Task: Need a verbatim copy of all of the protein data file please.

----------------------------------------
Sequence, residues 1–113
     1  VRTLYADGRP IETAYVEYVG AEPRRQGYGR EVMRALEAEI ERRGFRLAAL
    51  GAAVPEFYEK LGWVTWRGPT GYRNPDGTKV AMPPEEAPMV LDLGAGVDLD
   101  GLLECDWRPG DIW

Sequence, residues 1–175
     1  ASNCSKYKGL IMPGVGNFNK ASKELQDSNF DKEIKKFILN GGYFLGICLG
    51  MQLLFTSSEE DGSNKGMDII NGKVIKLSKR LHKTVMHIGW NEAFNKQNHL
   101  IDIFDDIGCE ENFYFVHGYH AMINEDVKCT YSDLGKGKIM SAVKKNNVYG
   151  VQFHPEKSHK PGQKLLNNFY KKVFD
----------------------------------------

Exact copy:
Sequence, residues 1–113
     1  VRTLYADGRP IETAYVEYVG AEPRRQGYGR EVMRALEAEI ERRGFRLAAL
    51  GAAVPEFYEK LGWVTWRGPT GYRNPDGTKV AMPPEEAPMV LDLGAGVDLD
   101  GLLECDWRPG DIW

Sequence, residues 1–175
     1  ASNCSKYKGL IMPGVGNFNK ASKELQDSNF DKEIKKFILN GGYFLGICLG
    51  MQLLFTSSEE DGSNKGMDII NGKVIKLSKR LHKTVMHIGW NEAFNKQNHL
   101  IDIFDDIGCE ENFYFVHGYH AMINEDVKCT YSDLGKGKIM SAVKKNNVYG
   151  VQFHPEKSHK PGQKLLNNFY KKVFD